THE WIRELESS MILITARY BAND, conducted by JOHN ANSELL
OLIVE STURGESS (Soprano)
HERBERT PARKER (Baritone)
DVORAK'S Carnival is the second of three
Overtures which the Composer originally planned as Symphonic Movements, to illustrate three phases of life-Childhood, Youth and Manhood (or, as another interpretation of the scheme has it, Nature, Life and Love).
We may regard Carnival as a picture of lusty youth, rejoicing in the exciting fullness of life. The dashing style of the opening work conveys that idea vividly, In the middle is a happily contrasted slow section.
A BALLET used to be indispensable in an Opera, and Gounod, a master at writing such light and joyous music, duly brought in some dances in Romeo and Juliet—in Capulet's garden, at Verona. Amongst a gay throng move pedlars selling jewellery. Hence a Jewel Dance. Country folk come in, bringing posies, and a Flower Waltz follows. A countryman and his girl next execute the Dance of the Fiancie : An Invitation. Next follows the Dance of the Young Veiled Girl. The final fling is a Gipsy Dance.
A Play in One Act with a Prologue and an Epilogue, by EVELYN HERBERT
Foreword: Mystery surrounds the death of Amy Robsart , wife of the Earl of Leicester, the brilliant favourite of Queen' Elizabeth. It is thought that, prompted by ambitious hopes of an alliance with the Queen, he and a servant, Varney, conspired against Amy's life. In 1560 she was found dead in Cumnor Hall, near Oxford, and though no direct evidence could be proved against him, it was the common opinion that Leicester had murdered his wife by means of a trap-door placed for her destruction. Amy's death, however, brought Leicester and his fellow conspirator nothing but misery, and from that time onwards misfortune followed him, and in 1588 he himself met his death by poison.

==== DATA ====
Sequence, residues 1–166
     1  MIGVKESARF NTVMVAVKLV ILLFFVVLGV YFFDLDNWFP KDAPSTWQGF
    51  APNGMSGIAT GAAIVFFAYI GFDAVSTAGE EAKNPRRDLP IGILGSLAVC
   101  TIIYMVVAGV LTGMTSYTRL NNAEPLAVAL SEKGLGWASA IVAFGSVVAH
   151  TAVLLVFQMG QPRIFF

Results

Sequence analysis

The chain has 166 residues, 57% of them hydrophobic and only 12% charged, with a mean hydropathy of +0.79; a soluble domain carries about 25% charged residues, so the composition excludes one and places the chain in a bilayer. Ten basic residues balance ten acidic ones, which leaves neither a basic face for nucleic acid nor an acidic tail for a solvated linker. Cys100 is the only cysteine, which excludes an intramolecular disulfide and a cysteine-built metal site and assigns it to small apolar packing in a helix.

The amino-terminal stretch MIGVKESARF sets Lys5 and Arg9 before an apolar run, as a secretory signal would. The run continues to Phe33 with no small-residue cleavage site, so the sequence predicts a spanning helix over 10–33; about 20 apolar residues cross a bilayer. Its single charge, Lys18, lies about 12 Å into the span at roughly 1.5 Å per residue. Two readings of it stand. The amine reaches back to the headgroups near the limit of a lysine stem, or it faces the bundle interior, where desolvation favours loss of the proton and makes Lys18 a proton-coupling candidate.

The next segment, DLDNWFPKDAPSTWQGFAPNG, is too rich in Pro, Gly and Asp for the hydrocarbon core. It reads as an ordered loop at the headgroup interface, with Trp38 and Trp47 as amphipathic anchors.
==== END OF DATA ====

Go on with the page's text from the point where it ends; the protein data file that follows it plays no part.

Characters in Prologue and Epilogue :
Characters in Play :
The action of the play takes place in two different centuries-the twentieth and sixteenth. The Prologue and Epilogue are representative of the twentieth century, while the play is in the sixteenth century. The scene all through is laid in a sparsely-furnished room in Cumnor Hall. A table and a few chairs comprise the contents of the room. A thick black curtain divides the room from an outer hall.
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